Happy golden fiftieth anniversary, Cybermen!
Almost as old as Doctor Who itself, those silver nemeses have grown from just another monster of the week to become the only other creatures to rival the Daleks in longevity and iconography.
Over the years, they have featured as the primary villains of 16 Doctor Who stories (with a bunch of smaller and cameo roles besides). In celebration of their half-centenary, here’s our ranking of every single one from worst to best…
Honorary mention: ‘Cyberwoman’
Having the Cybermen tackled in a more gruesome way on “grown-up” spin-off Torchwood should have been awesome, but the Cyberwoman – clad in metal bikini – is just silly. It’s a shame that this one came from the pen of future Who showrunner Chris Chibnall.
‘Attack of the Cybermen’
Only the second story to feature the Sixth Doctor, this new era of the show was still finding its feet and ‘Attack’ suffers from an excess of uncharacteristic violence and far too much convoluted “fan-service.” Sorry. ‘Attack’, but something had to come bottom.
‘The Wheel in Space’
The Cybermen had so many outings in the ’60s that naturally the same ideas started to recur. With the lack of a unique hook, ‘The Wheel in Space’ fails to stand out amongst Who’s many other base-under-siege stories. It doesn’t help that four out of six parts of the serial are lost.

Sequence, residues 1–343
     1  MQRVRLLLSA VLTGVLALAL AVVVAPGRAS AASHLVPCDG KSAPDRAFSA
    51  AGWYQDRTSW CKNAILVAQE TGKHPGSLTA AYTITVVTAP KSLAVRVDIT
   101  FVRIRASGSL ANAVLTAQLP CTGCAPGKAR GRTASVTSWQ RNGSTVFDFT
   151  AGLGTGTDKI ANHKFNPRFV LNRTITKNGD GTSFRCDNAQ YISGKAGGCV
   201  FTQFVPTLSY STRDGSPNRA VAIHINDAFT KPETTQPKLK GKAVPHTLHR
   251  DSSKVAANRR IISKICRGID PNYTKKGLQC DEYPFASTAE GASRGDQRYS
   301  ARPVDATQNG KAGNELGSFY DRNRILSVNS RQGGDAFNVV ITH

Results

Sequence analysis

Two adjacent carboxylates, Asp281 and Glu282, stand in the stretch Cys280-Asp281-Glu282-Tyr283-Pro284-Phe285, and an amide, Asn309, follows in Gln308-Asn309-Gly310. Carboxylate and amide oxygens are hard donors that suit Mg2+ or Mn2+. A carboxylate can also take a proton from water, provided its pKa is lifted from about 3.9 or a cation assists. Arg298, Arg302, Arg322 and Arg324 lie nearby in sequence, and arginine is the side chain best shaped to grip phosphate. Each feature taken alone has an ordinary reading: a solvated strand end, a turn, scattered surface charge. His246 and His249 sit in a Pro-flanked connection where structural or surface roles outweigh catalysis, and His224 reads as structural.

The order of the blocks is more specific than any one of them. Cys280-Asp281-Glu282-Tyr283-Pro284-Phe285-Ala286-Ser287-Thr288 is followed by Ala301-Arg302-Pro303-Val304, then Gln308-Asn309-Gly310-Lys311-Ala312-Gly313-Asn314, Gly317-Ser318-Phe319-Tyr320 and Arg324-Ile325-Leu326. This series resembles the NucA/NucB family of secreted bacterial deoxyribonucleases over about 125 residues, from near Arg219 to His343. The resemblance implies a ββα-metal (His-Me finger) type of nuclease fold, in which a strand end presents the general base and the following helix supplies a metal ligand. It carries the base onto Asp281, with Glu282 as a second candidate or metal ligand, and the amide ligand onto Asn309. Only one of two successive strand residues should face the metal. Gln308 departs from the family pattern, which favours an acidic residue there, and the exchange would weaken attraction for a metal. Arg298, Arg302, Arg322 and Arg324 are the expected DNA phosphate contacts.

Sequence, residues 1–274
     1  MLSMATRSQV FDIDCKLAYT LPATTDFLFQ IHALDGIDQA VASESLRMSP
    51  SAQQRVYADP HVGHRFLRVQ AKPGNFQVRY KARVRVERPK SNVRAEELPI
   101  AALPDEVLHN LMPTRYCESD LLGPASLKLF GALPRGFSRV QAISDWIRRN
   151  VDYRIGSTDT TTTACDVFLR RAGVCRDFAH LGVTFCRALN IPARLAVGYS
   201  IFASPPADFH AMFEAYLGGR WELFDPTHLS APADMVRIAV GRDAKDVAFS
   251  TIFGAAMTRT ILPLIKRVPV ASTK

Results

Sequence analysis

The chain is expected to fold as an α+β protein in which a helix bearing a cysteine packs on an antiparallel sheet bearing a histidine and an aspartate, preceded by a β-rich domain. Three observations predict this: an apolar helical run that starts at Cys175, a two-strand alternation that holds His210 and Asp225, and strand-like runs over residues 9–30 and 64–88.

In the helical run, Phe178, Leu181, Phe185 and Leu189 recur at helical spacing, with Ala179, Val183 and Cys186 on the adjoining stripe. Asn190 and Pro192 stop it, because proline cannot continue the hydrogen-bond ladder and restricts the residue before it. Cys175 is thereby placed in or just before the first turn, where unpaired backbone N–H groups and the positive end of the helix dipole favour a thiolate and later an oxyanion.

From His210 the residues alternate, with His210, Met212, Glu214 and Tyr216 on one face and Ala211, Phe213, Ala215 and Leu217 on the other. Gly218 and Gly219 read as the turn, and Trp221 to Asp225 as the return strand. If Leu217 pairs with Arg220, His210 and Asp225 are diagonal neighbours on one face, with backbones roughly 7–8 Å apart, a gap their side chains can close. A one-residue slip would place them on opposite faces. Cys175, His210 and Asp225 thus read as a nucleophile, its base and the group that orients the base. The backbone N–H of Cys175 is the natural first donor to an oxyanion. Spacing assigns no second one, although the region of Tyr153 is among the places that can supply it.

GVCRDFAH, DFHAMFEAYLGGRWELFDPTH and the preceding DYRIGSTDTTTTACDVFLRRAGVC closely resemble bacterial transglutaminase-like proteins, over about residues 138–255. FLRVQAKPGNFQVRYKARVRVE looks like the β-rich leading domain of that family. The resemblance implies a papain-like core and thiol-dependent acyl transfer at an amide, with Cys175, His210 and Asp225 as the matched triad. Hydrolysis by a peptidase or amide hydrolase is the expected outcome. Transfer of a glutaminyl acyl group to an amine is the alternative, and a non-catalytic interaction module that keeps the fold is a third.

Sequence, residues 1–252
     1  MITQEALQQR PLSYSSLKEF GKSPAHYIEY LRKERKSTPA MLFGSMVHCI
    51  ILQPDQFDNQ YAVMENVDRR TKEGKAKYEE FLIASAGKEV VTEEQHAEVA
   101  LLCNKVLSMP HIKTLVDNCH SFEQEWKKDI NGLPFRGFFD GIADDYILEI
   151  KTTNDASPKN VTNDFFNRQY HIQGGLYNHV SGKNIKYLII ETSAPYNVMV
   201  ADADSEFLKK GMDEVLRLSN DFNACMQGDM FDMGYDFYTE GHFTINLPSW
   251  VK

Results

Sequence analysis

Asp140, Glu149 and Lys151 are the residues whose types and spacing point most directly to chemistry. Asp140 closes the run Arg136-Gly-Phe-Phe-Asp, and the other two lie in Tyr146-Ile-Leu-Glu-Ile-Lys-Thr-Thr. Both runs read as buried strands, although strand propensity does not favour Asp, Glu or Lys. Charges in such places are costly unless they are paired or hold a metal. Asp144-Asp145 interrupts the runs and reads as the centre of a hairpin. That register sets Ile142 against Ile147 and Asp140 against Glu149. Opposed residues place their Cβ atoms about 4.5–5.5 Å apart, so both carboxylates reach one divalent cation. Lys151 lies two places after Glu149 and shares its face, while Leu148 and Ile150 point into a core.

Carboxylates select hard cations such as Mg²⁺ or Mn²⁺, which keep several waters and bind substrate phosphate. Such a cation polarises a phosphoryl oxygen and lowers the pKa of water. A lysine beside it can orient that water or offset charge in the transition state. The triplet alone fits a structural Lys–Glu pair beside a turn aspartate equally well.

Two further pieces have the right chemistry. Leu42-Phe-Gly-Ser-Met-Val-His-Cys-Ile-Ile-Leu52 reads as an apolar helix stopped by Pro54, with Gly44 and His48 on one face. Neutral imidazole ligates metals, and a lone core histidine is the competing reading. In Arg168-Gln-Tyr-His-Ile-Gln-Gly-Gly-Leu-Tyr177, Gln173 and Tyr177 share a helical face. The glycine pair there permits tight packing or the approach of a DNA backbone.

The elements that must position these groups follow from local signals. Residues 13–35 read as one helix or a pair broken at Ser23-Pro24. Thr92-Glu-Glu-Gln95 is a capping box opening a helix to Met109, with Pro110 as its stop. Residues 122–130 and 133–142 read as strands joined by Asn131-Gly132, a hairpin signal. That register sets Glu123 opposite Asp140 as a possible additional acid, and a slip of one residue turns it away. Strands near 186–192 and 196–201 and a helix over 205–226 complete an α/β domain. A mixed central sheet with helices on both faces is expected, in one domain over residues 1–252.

By rights, Doctor Who’s 25th anniversary story should be courting the top of this list but while you can’t fault this tale’s ambition – there are Cybermen, Nazis and a 17th century sorceress after a Gallifreyan superweapon – it suffers from a messy execution.
‘Revenge of the Cybermen’
‘Revenge’ is a pretty vanilla story that happens to fall in one of the show’s greatest runs ever – Season 12, Tom Baker’s first year in the role. As such, its flaws are more visible than normal, with a so-so plot about the Cybermen attacking Voga, the planet of gold.
The Cybermen’s second ever story earns a lot of credit for setting them up as a recurring villain and refining their design into the sleek silver giants we all know and love. That said, the story of ‘The Moonbase’ is a bit of rehash of The Tenth Planet (just set on the moon).
Continued on next page…